We were running late....again.
The school has a new attendance policy this year, and we’re already on the naughty list for being late one too many times. Okay, probably twenty too many times, but who’s counting. Well, the school is, obviously, but that’s not the point.
The point is, we were already behind schedule getting out the door this morning when a kid somehow flung a cup of soda (leftover on the table from the night before [insert snarky eye-roll emoji here]) all over the kitchen. Like, ALL OVER. Said child took time we didn’t have to “clean it up,” but after he left I stepped in a big puddle of sticky soda on the floor and looked up to find it also amply splattered on the blinds. And pooled in the crevices of the computer monitor. And peppering a once-clean, folded pile of shirts.
Then, my daughter spilled a tiny bit of milk from her bowl of cereal onto the table and quickly got a napkin to clean it up all by herself, which was sweet. She went the extra mile and wet a washcloth to wipe up the spill thoroughly, trying so hard to be helpful. For some reason, though, when she walked over to put the washcloth in the dirty hamper, she brought her very full bowl of cereal with her, and you can probably guess the rest. I helped her and the remaining cereal back to the table before cleaning up the mess.
There were Cheerios everywhere. In the pile of dirty clothes, in the folds of a box that was patiently awaiting a trip downstairs, in the cracks of a coffee-maker that was destined for storage, and all over the floor. Did I mention we’re also experiencing a systemic tiny ant problem? So there’s that. I got down on my knees, started to corral the spill with a paper towel, and began to cry.
The messes are constant. The need is overwhelming. And it’s not even 8:30am.
“I just can’t do this anymore,” I thought.
In the midst of my weariness, I heard a still small voice say, “you were never supposed to be able to.”
You were never supposed to be able to do this—clean up this mess, manage this frustrating morning, move through this life, any of it—on your own. By yourself. I suppose if you could, why would you need God? Or people?
The truth hit me square in the face and I paused. Tears pooled in the rims of my eyes as I inhaled a second chance and exhaled my inadequacies, at least for this moment.
“God, I need help.”
Sometimes the smallest prayers are the most powerful ones.
I’d just laid the kids down for their afternoon nap when I smelled it—the distinct odor of something aflame. A wave of panic washed over me, thinking maybe I’d bumped the stove burner and caught the stack of plastic plates atop it on fire. I was afraid of that possibility when I set them there in the lunchtime flurry but not concerned enough that I bothered to move them. Well, crap.
I couldn’t see the stove from the spot on the couch where I’d just plopped myself in relief, but I quickly remembered the open window next to me and figured the smell must be coming from outside. It didn’t have the charming nostalgia of a campfire, that’s for sure. Maybe it was burning plastic? Or rubber? It was hard to tell. Perhaps a neighbor was burning something in their backyard, and since I’m unashamedly nosy, I decided to step outside and investigate.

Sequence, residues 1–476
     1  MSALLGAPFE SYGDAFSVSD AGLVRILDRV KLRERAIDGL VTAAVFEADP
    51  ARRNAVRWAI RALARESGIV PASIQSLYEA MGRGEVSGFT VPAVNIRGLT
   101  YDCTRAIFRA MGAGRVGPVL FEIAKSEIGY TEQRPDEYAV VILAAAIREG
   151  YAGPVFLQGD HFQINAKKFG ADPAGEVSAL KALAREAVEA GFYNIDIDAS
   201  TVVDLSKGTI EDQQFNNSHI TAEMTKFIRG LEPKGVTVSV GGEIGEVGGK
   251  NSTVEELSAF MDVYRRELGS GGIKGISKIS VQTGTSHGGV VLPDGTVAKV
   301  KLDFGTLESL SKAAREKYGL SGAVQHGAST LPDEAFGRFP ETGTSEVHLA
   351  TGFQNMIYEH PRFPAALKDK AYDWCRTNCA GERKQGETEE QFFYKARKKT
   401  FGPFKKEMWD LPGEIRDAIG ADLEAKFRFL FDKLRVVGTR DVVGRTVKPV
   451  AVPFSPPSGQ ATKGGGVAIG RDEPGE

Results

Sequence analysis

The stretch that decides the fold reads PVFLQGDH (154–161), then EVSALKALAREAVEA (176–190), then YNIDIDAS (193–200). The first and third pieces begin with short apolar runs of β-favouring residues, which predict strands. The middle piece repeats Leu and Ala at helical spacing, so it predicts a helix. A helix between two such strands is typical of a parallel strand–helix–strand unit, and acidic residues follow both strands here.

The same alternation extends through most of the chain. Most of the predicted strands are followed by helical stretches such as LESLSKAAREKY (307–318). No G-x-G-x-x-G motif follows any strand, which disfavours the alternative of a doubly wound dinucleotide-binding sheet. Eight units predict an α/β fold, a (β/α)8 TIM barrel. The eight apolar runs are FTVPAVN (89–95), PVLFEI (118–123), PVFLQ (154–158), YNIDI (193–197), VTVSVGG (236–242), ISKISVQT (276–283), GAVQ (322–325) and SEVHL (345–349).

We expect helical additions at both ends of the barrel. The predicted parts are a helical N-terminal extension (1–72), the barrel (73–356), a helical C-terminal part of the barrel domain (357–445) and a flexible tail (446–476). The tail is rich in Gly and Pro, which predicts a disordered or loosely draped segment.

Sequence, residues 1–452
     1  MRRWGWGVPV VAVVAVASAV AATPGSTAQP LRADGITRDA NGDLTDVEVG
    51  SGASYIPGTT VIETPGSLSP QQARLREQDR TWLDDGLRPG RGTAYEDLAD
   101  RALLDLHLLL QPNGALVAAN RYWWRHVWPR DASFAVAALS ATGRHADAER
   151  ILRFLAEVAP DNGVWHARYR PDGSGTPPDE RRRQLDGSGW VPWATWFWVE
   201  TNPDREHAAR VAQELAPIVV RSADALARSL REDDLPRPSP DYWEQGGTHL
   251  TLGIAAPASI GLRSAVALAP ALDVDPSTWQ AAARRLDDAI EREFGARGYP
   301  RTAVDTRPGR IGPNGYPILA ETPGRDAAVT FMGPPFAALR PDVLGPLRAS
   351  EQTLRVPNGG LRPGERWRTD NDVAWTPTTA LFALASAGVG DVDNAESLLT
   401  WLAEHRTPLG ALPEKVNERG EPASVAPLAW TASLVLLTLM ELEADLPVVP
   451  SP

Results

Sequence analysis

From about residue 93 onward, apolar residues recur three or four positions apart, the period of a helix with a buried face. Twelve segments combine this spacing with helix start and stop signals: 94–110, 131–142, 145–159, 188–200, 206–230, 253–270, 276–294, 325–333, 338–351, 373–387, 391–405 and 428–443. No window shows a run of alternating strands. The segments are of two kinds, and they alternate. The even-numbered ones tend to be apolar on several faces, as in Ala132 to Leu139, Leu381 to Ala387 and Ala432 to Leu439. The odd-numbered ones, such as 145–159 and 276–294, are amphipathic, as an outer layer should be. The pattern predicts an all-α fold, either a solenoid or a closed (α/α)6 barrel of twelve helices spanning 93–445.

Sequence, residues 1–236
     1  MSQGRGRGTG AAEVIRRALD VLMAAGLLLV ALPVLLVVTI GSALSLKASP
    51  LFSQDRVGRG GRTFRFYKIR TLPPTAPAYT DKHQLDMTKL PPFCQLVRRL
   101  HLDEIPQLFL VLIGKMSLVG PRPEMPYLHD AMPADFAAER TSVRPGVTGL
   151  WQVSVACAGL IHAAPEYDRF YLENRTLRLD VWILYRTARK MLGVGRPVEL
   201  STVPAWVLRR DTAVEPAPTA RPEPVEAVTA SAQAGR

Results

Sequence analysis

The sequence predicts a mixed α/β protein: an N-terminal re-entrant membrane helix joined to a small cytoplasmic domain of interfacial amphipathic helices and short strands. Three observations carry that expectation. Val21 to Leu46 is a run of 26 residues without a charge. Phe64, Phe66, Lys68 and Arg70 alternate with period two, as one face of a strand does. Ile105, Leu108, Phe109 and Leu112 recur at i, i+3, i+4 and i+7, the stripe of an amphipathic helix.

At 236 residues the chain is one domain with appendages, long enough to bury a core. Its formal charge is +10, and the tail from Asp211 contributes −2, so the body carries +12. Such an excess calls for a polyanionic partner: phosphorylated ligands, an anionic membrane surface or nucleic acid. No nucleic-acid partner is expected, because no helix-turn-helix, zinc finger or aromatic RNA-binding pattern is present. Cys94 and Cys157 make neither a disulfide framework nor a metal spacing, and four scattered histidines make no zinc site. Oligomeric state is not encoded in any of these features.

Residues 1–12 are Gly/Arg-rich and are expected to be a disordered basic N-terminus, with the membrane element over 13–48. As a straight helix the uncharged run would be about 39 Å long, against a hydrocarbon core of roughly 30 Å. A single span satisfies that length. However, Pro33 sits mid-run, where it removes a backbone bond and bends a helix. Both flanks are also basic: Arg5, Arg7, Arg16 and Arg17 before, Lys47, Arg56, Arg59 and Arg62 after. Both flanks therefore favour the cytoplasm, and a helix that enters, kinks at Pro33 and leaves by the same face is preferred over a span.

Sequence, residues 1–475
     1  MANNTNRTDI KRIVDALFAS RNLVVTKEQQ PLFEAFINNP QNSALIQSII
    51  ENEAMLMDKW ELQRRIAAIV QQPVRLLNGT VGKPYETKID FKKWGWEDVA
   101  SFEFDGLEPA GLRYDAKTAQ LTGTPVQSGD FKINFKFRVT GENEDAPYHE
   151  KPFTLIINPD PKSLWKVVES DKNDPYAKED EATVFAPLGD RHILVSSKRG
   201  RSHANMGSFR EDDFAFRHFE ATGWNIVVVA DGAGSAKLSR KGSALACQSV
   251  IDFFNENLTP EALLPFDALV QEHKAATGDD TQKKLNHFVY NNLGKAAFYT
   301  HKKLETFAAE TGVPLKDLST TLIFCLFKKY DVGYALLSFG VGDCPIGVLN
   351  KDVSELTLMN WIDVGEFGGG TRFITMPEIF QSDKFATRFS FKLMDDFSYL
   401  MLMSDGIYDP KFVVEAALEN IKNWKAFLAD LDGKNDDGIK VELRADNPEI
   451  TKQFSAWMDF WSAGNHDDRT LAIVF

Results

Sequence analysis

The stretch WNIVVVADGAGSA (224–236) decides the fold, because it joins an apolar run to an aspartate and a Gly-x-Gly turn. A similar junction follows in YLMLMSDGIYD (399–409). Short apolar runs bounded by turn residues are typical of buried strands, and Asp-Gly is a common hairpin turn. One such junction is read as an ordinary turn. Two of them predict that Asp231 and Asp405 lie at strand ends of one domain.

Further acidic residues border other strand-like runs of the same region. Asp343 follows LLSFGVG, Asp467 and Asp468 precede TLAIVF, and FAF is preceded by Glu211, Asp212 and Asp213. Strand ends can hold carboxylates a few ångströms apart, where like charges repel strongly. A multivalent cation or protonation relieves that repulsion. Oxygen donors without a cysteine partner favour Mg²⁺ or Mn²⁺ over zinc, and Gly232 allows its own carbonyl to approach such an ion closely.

Opening the front door, I found the entire neighborhood in a light fog. It was definitely something bigger than a campfire, but I still couldn’t see anything except an ambulance and police car parked a ways down the road, which I eventually concluded to be unrelated. The odor was intense, and I briefly contemplated running back inside and closing all the windows, but it was too late. There wasn’t another person in sight, though—did anyone else even notice the world was on fire?
Before turning to walk back inside, I saw this sign in the window of my neighbor’s house: HELP WANTED. I couldn’t resist taking a picture. This is one of the things I love about the city—at our core, we all struggle with the same stuff, but the people of the city have no qualms about putting it all out there for everyone to see. If we were honest, wouldn’t we all have the same sign in our own front window?
When I saw her the next day, I told her I loved her sign. She laughed and said, “well, it started out as a joke, but then I decided to leave it there.” We chuckled as I told her I should put one up, too. She went on with a smile, “Wouldn’t you know, though, I haven’t had a single person respond to the advertisement. Not one. I mean, I can’t say that I’m surprised, but can you believe it?”
Sadly, I can.
What these walls and floors and relationships and puddles of spilled milk would tell of our need for help, but we fail to ask. We ignore the “help wanted” signs stitched on our own souls and walk past the ones hanging in our neighbor’s window. You may not find yourself on the floor sobbing over spilled milk for the millionth time, but I bet life finds you on your knees grieving something. If not today, then soon.
The sign that hangs on the window of your heart—the one that tells the realest truth—what does it say?
What if you were bold enough to put it out there for others to see? (straight up ghetto-style front window display optional)
What if you were braver still to knock on our neighbor’s door and simply say, “I’m here for you today. How can I help?”
Sometimes the smallest acts of courage are the most powerful ones.
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